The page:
In your negotiations, have you ever faced a truly difficult negotiator—someone whose behavior seems designed to provoke, thwart, and annoy you beyond all measure? We often have strong incentives to negotiate with those we find obstinate, unpredictable, abrasive, or untrustworthy. When we avoid dealing with difficult people, we risk missing out on important opportunities. But … Learn More About This Program 

Dear Negotiation Coach: The Case for Lowering Your Salary Expectations

PON Staff   •  12/14/2021   •  Filed in Dealing with Difficult People

salary expectations

We received a question regarding salary expectations and the potential problems with lowering those expectations. Francesca Gino, Tandon Family Professor of Business Administration at Harvard Business School and author of Sidetracked: Why Our Decisions Get Derailed, and How We Can Stick to the Plan (Harvard Business Review Press, 2013) shared an answer that’s applicable not … Learn More About This Program 

Beyond Walking Away: Facing a Hardball Strategy Head-on

PON Staff   •  11/04/2021   •  Filed in Dealing with Difficult People

hardball strategy

In 2014, prosecutors for the United States alleged that Jesse Litvak, a former bond trader for Jefferies & Co., of using a hardball strategy that included lies and deception to defraud investors of more than $2 million. At the trial in U.S. District Court in New Haven, Conn., prosecutors argued that Litvak defrauded investors by … Learn More About This Program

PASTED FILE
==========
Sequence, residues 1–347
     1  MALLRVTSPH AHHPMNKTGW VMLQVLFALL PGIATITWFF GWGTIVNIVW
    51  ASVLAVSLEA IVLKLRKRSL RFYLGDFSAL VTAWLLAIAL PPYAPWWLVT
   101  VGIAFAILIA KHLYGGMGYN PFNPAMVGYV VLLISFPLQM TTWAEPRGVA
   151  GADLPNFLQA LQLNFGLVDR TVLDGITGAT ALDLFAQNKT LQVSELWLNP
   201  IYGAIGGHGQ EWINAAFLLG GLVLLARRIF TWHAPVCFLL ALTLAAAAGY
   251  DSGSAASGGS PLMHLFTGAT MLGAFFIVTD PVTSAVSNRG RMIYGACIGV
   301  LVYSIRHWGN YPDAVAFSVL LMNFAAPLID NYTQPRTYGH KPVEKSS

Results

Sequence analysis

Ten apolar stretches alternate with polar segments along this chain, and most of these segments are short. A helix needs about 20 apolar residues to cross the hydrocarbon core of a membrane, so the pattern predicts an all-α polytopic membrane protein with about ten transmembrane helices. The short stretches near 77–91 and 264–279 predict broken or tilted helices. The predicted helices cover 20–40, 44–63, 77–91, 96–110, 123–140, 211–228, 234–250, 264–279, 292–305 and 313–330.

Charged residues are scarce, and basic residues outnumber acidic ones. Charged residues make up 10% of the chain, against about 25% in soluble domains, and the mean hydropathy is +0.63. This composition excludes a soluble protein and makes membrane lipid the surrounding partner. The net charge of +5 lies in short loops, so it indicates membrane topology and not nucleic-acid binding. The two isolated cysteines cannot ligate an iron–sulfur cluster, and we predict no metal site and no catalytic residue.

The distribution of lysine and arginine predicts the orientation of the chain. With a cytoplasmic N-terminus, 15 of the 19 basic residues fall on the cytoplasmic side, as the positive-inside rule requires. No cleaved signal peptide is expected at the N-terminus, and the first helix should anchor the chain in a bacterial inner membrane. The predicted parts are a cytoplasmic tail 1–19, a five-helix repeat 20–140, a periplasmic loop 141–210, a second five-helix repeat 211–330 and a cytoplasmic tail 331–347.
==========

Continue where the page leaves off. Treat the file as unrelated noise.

M&A Negotiation Strategy: Dealing with an Unpredictable Counterpart

PON Staff   •  10/18/2021   •  Filed in Dealing with Difficult People

M&A Negotiation Strategy

In the high-stakes world of mergers and acquisitions (M&As), negotiation missteps can amplify into disasters, and lucky breaks into triumphs. As a result, there is much that business negotiators can learn from stories of M&A negotiation strategy in the news. To take one case study, the 2015-2016 bidding war between hotel chain Marriott International and … Learn More About This Program 

Bargaining in Bad Faith: Dealing with “False Negotiators”

PON Staff   •  12/31/2020   •  Filed in Dealing with Difficult People

bargaining in bad faith

We tend to forget—at our peril—that not everyone at the bargaining table wants to close a deal and may be bargaining in bad faith.
Consider the following negotiations:

A competitor approaches you about a potential partnership. After a series of meetings that seemed promising, however, your counterpart stops returning your calls. You are left with the … Learn More About This Program 

Dealing with Difficult Employees

Katie Shonk   •  12/28/2020   •  Filed in Dealing with Difficult People

Dealing with Difficult Employees directive leadership

When dealing with difficult employees, leaders often feel overwhelmed and frustrated by a task that can seem like a distraction from broader organizational goals. But managing personnel issues, including conflict among employees, is a pivotal leadership task—and one that can be improved with knowledge and practice. The following solutions for dealing with difficult employees will … Read Dealing with Difficult Employees 

Would you like us to inform you when new posts become available?

We hate spam as much as you do. You have our promise not to sell or share your email address — ever! Please read our privacy policy.